Thanks to an earlier posting on this website, we discovered bilbaogreeters.com, an organisation that provides, free of charge, an English-speaking guide to Bilbao. The Guggenheim may be the initial draw for tourists, but there is much more to this fascinating city.
My top tip? Meet up with a guide as early as possible in your stay. Ours told us: where to eat outstanding seafood; how best to use the excellent public transport system;and what is worth seeing, apart from the "Guggy".
If you have a long weekend and you want to combine Spanish town, sea and village (well almost) Bilbao could be your Bocadillo. Culture in the city (Museo de Bellas Artes and other smaller museums), an atmospheric old town, beaches (Sopelana to name one of a number) and history (Guernica) can all be combined thanks to an excellent and cheap transport system. Oh yes, and the Guggenheim! Few places we've visited have such contrasts.
Don’t just dash into Bilbao to “do” the Guggenheim. Bilbao is a wonderful place to visit, full of beautiful buildings, independent shops, lovely views, terrific bars, gorgeous food – and above all, people as friendly as you could possibly wish. There is so much to the city that you could just wander around blindly for days, stumbling upon the delightful and the intriguing without fully realising what you’ve chanced upon. You could, too, plough your way through a list of sights, museums, galleries, churches, historical places etc, dutifully reading all the facts.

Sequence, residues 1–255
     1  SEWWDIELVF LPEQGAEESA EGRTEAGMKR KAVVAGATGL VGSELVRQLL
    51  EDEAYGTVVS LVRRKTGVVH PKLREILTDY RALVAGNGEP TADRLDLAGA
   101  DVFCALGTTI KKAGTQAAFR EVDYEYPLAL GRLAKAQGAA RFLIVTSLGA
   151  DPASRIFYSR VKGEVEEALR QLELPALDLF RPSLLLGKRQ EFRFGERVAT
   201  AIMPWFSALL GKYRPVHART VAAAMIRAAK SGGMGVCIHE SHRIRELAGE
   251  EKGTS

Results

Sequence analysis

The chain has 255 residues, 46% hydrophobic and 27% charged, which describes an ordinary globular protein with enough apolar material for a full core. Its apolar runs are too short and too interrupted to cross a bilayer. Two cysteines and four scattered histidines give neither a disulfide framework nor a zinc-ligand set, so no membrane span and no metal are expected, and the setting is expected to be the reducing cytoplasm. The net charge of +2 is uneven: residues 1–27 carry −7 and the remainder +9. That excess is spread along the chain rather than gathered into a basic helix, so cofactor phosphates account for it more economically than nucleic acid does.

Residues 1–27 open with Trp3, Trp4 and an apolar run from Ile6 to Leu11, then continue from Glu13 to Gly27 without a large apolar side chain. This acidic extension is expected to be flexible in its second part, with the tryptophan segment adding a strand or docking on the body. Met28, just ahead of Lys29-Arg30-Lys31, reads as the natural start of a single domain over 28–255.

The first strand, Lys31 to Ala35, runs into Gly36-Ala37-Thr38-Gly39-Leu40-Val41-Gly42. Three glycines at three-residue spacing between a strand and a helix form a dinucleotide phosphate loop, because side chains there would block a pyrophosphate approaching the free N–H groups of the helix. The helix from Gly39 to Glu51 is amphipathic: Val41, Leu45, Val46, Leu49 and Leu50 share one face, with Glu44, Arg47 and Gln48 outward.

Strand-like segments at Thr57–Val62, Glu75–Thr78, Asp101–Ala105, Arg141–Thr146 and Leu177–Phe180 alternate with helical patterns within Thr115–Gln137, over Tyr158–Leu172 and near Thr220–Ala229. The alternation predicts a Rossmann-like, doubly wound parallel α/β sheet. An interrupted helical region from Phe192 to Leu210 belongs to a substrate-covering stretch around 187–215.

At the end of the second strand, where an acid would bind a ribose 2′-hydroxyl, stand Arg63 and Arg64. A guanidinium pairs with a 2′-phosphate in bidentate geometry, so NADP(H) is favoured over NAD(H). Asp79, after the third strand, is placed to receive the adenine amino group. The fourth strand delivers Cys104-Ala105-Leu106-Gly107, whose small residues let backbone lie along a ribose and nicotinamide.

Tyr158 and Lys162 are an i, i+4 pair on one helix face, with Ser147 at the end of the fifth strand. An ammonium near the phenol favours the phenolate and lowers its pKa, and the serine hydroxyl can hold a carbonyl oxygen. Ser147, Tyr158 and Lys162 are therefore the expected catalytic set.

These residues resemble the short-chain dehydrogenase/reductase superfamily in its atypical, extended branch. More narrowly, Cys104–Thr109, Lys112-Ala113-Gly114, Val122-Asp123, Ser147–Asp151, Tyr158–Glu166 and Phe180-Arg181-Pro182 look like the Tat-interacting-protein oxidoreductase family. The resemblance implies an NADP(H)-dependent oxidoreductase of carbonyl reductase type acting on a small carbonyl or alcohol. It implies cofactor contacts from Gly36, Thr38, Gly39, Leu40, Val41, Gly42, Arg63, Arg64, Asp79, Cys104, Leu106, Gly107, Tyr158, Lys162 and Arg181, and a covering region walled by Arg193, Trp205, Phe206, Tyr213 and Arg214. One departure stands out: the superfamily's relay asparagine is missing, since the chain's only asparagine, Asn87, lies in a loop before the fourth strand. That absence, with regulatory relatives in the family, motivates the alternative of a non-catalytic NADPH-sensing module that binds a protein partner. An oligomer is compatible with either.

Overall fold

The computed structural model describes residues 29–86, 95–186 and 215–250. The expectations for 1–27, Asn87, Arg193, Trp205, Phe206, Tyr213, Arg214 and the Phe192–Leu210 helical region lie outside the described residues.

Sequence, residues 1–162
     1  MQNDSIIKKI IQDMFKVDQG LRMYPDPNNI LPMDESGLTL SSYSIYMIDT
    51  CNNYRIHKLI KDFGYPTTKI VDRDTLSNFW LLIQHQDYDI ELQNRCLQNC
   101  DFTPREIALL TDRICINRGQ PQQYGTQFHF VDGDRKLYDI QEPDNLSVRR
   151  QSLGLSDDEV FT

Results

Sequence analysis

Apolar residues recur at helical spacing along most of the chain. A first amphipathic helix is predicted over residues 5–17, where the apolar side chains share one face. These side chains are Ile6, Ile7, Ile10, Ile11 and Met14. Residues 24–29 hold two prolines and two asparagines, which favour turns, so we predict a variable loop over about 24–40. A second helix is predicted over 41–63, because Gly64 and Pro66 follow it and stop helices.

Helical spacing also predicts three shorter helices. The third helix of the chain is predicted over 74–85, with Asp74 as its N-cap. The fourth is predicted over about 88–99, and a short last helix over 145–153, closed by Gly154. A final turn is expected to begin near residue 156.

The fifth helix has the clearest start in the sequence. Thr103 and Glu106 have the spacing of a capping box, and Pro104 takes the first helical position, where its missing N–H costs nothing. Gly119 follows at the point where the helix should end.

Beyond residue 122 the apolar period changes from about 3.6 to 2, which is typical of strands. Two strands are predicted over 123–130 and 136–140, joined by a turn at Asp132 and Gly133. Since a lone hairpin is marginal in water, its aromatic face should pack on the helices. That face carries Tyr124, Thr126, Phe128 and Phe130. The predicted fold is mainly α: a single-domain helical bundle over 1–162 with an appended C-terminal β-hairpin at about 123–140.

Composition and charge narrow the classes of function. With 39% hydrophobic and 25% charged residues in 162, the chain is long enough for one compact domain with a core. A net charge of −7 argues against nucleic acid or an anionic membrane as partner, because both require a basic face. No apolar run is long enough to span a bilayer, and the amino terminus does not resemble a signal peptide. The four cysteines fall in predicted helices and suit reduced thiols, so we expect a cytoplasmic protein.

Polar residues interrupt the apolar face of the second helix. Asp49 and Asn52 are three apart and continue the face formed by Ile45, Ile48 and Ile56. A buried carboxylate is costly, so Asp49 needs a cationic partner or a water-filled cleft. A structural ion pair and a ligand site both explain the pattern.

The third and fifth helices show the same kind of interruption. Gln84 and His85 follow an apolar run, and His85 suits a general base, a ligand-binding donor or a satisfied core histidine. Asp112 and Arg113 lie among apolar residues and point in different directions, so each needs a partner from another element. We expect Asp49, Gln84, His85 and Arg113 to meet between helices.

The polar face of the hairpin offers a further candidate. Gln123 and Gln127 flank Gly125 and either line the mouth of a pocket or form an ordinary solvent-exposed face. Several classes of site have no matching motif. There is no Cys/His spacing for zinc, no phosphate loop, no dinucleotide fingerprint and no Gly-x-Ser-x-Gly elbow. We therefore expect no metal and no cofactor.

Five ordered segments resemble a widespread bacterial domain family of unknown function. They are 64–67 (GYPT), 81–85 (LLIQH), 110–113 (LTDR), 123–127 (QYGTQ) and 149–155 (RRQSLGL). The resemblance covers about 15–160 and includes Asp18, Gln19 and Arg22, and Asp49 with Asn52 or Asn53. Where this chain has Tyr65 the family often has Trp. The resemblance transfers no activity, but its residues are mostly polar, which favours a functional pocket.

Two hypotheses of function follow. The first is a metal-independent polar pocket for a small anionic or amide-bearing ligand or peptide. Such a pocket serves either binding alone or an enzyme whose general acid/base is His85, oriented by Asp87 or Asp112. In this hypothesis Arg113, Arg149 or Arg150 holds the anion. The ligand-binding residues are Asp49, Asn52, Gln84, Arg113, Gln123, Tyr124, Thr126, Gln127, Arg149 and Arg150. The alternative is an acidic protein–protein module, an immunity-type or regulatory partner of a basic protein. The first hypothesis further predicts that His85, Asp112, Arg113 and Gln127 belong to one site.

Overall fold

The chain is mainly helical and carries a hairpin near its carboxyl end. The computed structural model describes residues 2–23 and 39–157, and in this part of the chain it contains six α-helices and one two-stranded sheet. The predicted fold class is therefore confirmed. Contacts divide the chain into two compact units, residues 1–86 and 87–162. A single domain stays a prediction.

But there’s also another option which is much more rewarding and enjoyable, and that is to be taken around by a friend who knows the place. This is essentially what you will experience if you get in touch with Bilbao Greeters and, incredibly, it is free. All you have to do is contact them in advance with an idea of what you’re interested in (culture, bars, shops, markets, architecture, football, food, perhaps even nothing terribly specific), and a wonderfully friendly local volunteer will spend up to about four hours showing you the best Where and What and How as only someone local can.
On top of that though, you’ll be getting the privilege of unique insights into the life of the city as you chat with them, finding out all sorts of things that you hadn’t even noticed, getting a real feel for the place, and you’ll part feeling that a genuine friendship has been made. That was certainly our experience and we can truly say that our contact with bilbaogreeters.com was what made our holiday so enjoyable – if only there were people like this everywhere we went!
What’s so special about the pavement? Which is the best museum to visit (clue: It’s not the Guggenheim)? Where can I see people swimming overhead? How do you stop a wet brolly soaking the shop floor? The Bilbao Greeters answered these and other questions we had not asked, and they did it for free. Best of all though, they were such lovely people. You really can’t go wrong.
The Feve narrow gauge train service runs along the rugged northern coast from Bilbao through Santander, Cantabria, Asturias and Galicia. It stops at all the coastal towns as it plunges through ravines and tunnels.